Wealth management: The future of advice

by AM admin on February 13, 2017

By Michael Spellacy, PwC Global Wealth Management Leader –

For all of the focus on AI, machine learning and algorithms that hit the news almost daily, they give (at least for me) a break from the charged political climate, fuel the existential debates about the society’s eventual role in a robot-dominated future and allude to changes stemming from the fourth industrial revolution.

One thing, though, that’s rarely mentioned is the human touch that propels these changes forward – and how both will remain tightly integrated as these developments continue.

These developments reverberate and ricochet across all sectors and industries, so I found myself (naturally) thinking about the wealth management industry’s future, which looks something like:

Let me explain.

Over the last two or three years, there’s been an explosion in automated advice platforms (the so-called robo advisors) as a play to offer reach a new client base, offer a new capabilities and capture assets as the larger asset management industry has been pummeled by unrelenting fee pressures.

With this innovation comes a change in the industry’s operating model, a wrinkle in the industry’s fabric if you will.

A fundamental perception — and expectation — of wealth management as a service offering is, and needs to remain, a human-led business. But that doesn’t mean the future of advice will exclude the digital advancements seen in the financial services industry. Instead, firms can capitalize by investing in digital capabilities that complement the role of the advisor — leading to an evolution of sophistication in the service.

The human relationship, coupled with a robust digital underpinning, can enable firms to keep up with the pace of innovation, leading to faster and more effective ways of doing business and truly seamless client service.

The irony is the wealth management industry’s perception of being a technology laggard, as opposed to a leader. What’s the irony? It’s newer clients, the so-called digital immigrants, who are are directly at odds with those who have essentially grown-up with a face-to-face, personal relationship with their advisor. We’re seeing the confluence of high net worth individuals coming to expect the ease and convenience of digital functionality in their everyday lives replicated within their wealth management relationships.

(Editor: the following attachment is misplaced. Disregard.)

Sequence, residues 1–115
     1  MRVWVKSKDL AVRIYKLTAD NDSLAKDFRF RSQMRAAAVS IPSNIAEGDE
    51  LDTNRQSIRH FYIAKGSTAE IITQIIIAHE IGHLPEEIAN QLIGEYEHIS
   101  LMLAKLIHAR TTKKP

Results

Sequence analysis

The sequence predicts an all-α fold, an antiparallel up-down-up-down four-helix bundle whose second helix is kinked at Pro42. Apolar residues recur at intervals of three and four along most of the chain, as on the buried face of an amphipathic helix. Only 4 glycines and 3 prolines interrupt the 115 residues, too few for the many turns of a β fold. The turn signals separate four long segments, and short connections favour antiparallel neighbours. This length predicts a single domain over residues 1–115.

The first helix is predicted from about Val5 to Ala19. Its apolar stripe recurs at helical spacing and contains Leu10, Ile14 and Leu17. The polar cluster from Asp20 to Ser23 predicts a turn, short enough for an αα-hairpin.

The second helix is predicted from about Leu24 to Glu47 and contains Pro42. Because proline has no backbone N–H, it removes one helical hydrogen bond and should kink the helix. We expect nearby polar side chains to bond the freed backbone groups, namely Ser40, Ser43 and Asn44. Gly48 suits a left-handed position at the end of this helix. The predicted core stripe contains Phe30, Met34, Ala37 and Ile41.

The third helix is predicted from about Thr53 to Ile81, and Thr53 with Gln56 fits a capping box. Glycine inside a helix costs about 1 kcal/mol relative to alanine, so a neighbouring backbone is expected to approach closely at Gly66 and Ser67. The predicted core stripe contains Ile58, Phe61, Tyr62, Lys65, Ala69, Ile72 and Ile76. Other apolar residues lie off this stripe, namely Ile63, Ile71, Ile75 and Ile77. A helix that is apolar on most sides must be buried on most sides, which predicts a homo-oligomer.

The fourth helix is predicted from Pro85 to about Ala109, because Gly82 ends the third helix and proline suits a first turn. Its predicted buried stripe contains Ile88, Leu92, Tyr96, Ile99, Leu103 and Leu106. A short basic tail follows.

I was fortunate enough to speak in greater detail about these developments and other trends with our clients during PwC’s recent Assets & Wealth 2016 conference in New York.

Here are my most important takeaways:

  • FinTech disruption cannot be ignored, and the next wave is critical. We’re at a time where “see no evil” just isn’t going to cut it anymore. With respect to fintech innovation, turning a blind eye to the advancements of FinTech puts firms at risk of being left behind. While robo-advisors originally focused on low balance accounts, offerings have matured and capabilities are becoming more and more sophisticated to meet the needs of wealthier clients. To keep pace with innovation, firms face the decision to build, buy, or partner with innovators. The next wave of disruption, at the intersection of human capital and technology, will likely reshape the wealth management industry completely, for years to come.
  • Digital technologies can scale advisors’ core competencies. The average advisor talks to about 8-10 clients per day, one at a time. This is all well and good in the normal course of business. However, we’re living in extraordinary times and clients need to know developments at the same pace and the same time. This is absolutely ripe for innovation if one mouse click could deliver personalized outreach while leaving more room for higher-value, white glove, highest and best use activities. Firms can use this opportunity to address the long tail that historically may have been uneconomical to serve.
  • Big data plays a critical role in digital advancement. The sheer amount of data generated by users perusing their social media platforms, shopping via e-commerce or checking their bank balance, among other activities is absolutely stunning — and lends insight into consumer behavior, assuming it’s extracted, aggregated and analyzed properly. For Wealth managers, this is an enormous opportunity to gain insight into their clients by enhancing their experience virtually or digitally, backed by a strong and secure data architecture.
  • Advice is — and always will be — a key differentiator. The definition of advice continues to expand. High net worth individuals strongly believe in paying for expert advice to achieve their financial and non-financial goals. Investors are placing greater value in the ability to solve their needs tied to key life events — expanding beyond 529 accounts and accurate retirement forecasting to selecting a nursing home for an aging parent or helping a child finance his or her first home. Compounding this is an increased emphasis on reducing conflicts introduced by regulations such as the DOL Fiduciary Rule. Regardless, the right advice commands a premium. While this comes with the territory for a relationship-based industry, current digital platforms focus primarily on the asset allocation side of the equation, neglecting the personal aspect.

I’m expecting to see faster, more and better innovation for the wealth management industry in the coming year–leaving those who are falling behind even further behind. But I’m glad to be here for the ride.

What’s your take? I’d love to hear from you.

 

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